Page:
The members of Support Group for Men don’t get eviscerated, but what does happen isn’t much more edifying | Theater Review | Chicago Reader

The members of Support Group for Men don’t get eviscerated, but what does happen isn’t much more edifying 

The delightful cast transcends Ellen Fairey's pat script.

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Liz Lauren

A show called Support Group For Men? Written by a woman? At this particular juncture in the life of the nation? I'd expect a bunch of smug white, cisgendered, y-chromosomed assholes getting their privilege-and sundry other parts-handed to them on a pike, to the roar of the woke masses.

That doesn't happen in Ellen Fairey's comedy, running now at Goodman Theatre in a clever 90-minute staging by Kimberly Senior. But what does—though a thousand times more generous—isn't a whole lot more edifying.

The support group of the title consists of leader Brian and three demographically diverse men he knows from various parts of his life. Delano is an uptight bourgeois black fellow from Oak Park. Young Latino techie Kevin likes both women and men but loves salsa dancing most of all. Blue-collar white Roger is the Neanderthal of the bunch—albeit an endearing and eminently redeemable one. He may make cracks about Brian's rosé and distinguish himself as the last guy on earth to call gays "light in the loafers," but he's self-aware enough to sense that his kind is disappearing.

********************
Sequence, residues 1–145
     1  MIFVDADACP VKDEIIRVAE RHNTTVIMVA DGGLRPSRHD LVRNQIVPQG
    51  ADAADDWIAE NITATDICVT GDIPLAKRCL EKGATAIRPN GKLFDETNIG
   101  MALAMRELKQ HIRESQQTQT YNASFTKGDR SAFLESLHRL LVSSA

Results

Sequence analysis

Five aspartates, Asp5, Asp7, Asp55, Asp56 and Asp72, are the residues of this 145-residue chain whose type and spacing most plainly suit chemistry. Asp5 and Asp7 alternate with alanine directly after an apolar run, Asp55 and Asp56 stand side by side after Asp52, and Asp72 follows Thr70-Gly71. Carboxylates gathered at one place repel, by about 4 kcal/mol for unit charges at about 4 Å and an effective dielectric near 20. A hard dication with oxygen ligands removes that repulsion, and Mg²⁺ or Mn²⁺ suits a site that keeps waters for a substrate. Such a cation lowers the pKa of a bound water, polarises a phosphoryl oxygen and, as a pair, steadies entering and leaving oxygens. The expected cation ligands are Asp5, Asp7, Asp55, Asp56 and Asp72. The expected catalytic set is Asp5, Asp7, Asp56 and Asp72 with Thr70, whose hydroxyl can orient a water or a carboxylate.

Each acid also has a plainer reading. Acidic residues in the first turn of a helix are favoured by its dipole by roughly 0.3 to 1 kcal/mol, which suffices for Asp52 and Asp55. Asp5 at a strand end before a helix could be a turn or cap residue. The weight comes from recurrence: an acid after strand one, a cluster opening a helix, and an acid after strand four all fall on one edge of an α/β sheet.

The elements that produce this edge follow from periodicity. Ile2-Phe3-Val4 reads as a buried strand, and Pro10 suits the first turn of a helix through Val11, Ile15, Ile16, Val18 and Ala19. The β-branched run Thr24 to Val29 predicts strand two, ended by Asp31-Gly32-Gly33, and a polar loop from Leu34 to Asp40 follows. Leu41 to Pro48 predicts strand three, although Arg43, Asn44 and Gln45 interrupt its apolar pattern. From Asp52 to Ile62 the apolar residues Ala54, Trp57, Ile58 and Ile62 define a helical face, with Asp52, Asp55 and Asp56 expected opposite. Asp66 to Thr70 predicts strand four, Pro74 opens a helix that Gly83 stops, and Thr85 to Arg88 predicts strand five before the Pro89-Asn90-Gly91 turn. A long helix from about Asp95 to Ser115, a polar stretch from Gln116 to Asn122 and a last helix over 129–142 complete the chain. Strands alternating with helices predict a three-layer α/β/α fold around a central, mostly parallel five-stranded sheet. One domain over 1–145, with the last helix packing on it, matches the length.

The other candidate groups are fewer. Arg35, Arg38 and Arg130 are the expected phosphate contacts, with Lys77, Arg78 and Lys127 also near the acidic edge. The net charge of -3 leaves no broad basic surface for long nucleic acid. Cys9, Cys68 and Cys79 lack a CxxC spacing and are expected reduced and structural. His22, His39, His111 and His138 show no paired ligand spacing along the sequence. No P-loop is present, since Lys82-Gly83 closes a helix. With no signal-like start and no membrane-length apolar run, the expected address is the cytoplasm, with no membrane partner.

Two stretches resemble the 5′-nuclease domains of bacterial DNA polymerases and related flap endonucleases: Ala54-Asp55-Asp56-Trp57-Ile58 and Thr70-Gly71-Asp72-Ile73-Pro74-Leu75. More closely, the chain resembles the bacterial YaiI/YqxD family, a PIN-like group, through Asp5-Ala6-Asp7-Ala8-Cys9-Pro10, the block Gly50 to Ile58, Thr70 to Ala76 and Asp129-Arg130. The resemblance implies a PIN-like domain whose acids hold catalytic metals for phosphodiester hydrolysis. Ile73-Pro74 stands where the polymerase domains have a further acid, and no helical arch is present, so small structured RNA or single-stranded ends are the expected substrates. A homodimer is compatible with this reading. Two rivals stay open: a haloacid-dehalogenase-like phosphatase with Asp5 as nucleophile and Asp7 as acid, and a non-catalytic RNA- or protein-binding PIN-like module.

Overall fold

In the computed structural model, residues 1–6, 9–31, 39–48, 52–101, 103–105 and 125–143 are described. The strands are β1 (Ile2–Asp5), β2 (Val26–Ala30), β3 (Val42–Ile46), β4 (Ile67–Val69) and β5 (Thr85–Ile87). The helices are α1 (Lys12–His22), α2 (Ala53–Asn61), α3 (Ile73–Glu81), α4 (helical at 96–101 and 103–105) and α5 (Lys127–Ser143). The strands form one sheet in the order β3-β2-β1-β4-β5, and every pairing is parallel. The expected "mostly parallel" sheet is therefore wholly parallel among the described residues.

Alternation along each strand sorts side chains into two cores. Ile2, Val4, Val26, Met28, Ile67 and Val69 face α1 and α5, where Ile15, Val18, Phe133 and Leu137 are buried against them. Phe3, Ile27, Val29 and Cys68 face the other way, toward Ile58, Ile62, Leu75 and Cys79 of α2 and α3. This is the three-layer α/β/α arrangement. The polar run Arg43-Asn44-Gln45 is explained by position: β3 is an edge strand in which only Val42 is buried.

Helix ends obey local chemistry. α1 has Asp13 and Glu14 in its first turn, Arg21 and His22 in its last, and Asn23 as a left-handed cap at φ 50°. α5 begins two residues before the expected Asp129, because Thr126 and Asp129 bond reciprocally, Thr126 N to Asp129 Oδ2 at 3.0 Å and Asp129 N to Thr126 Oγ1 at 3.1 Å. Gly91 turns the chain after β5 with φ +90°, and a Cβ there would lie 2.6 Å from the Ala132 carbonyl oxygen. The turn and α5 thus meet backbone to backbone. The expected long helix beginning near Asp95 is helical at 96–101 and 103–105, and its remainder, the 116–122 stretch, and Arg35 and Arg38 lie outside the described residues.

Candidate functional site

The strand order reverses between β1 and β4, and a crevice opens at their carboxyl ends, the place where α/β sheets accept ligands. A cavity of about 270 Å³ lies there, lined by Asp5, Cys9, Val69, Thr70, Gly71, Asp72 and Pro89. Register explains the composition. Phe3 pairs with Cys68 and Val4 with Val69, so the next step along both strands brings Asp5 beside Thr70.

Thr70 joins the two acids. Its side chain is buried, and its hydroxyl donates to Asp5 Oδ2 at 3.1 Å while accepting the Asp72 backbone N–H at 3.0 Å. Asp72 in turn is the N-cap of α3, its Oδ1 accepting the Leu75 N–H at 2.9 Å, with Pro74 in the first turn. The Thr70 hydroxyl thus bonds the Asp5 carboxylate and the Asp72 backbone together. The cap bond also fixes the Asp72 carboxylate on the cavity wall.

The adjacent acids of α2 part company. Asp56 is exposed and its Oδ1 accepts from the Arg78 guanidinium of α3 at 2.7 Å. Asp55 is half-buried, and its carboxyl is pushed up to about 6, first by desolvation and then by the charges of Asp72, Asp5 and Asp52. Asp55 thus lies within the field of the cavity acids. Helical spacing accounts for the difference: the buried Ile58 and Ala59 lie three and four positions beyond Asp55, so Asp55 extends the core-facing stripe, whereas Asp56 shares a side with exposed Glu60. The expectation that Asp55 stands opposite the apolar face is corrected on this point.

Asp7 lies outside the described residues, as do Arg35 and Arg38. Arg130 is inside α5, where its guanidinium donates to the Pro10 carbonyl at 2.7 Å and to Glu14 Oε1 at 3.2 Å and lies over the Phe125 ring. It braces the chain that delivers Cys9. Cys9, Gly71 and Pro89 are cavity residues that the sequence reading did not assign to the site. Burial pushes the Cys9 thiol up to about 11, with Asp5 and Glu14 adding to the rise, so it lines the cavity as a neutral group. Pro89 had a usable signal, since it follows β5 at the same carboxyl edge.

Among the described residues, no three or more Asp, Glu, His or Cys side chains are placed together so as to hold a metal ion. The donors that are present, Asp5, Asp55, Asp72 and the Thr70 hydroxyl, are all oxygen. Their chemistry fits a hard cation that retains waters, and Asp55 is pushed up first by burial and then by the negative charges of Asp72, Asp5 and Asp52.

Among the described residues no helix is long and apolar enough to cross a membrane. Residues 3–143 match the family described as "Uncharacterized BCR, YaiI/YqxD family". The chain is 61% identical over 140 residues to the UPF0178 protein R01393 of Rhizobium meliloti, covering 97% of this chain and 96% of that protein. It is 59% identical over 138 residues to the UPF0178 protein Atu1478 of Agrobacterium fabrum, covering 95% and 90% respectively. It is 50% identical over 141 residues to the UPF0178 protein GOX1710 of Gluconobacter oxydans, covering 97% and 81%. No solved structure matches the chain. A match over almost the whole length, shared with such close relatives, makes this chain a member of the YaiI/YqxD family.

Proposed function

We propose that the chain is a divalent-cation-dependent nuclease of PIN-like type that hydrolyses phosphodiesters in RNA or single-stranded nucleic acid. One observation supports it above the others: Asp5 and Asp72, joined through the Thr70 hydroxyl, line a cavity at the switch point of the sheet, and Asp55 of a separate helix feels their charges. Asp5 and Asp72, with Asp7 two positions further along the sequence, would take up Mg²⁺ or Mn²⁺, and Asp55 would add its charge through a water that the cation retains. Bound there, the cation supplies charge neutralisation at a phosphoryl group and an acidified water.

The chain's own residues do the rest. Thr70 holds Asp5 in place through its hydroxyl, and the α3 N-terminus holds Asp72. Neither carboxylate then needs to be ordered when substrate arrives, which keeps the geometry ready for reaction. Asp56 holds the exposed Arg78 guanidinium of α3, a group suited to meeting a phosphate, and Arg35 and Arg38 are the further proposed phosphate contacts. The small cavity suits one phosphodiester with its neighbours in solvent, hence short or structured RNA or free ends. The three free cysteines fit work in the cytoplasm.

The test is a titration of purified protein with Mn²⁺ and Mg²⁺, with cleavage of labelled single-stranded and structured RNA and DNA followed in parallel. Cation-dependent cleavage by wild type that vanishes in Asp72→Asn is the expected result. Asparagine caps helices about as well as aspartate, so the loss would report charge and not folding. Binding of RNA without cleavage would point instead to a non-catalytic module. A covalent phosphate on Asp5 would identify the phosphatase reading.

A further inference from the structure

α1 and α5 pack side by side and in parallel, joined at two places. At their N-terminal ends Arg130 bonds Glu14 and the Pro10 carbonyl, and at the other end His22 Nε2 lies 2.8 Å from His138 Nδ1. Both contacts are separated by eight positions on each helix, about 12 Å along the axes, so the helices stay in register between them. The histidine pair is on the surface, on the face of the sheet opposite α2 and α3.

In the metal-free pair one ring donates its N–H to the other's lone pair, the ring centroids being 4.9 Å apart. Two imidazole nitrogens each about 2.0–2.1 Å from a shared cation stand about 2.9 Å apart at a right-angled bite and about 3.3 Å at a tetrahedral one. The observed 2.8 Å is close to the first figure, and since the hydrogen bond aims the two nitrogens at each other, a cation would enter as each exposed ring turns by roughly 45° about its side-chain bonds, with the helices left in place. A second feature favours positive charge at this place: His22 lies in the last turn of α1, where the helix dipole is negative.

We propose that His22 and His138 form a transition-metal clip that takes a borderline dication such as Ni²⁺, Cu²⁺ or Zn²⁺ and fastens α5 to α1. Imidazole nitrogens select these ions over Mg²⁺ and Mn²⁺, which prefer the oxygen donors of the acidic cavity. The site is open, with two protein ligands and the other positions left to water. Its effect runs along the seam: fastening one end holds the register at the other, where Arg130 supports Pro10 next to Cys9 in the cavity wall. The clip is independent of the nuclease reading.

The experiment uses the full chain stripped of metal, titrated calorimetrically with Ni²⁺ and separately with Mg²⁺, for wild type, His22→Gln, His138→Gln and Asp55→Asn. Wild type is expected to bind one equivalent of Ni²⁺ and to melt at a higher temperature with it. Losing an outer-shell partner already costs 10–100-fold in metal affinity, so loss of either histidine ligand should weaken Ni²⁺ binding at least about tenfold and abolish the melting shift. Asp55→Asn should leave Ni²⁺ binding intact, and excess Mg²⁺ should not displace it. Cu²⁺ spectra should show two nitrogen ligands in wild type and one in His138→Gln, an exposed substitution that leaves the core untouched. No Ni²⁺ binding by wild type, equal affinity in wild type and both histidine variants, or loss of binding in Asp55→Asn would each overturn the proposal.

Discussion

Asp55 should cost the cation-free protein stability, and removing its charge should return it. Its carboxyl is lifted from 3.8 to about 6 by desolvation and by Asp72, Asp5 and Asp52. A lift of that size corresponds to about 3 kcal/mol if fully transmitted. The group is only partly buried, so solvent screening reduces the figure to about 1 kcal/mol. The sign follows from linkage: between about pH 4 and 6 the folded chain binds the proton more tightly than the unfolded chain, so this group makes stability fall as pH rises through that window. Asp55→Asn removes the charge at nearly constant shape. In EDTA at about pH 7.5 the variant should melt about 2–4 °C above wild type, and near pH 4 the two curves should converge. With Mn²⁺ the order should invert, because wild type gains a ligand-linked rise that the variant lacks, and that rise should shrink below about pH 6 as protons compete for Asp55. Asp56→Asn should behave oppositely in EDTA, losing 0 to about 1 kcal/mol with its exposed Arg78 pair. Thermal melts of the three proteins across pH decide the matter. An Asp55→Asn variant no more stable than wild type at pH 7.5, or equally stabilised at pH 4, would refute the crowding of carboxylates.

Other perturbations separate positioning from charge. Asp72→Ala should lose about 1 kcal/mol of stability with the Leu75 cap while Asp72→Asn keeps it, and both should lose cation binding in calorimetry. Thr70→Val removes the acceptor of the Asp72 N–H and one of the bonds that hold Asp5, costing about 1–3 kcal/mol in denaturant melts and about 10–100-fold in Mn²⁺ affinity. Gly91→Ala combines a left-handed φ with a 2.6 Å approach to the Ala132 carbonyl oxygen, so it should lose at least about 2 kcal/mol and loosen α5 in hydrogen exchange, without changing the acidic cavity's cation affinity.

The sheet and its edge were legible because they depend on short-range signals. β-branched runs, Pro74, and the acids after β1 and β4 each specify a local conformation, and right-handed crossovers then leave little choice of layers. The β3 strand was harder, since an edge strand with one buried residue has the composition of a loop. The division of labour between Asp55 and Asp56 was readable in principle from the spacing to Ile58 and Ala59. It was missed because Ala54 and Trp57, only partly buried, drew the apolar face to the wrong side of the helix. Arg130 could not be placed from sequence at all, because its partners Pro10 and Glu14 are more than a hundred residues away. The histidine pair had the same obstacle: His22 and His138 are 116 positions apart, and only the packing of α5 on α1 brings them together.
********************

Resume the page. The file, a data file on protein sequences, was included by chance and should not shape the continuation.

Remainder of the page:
Brian himself has no qualifications for leadership except insofar as he's decorated a baseball bat with puka shells and designated it the "talking stick." Much fun is made of the new age-y etiquette of the group. The real consciousness-raising kicks in when the men get a surprise visit from a redheaded stranger.

Fairey's script is far too pat and ingratiating to matter much. It's also dated, referencing old Chicago news like the gentrification of Wicker Park. The cast, however, manages to be delightful—especially an impish Keith Kupferer as Roger. Set designer Jack Magaw has made a masterpiece of a north-side apartment. And a vignette involving illicit drugs gives Senior the chance to take everything to another level. At least temporarily.   v

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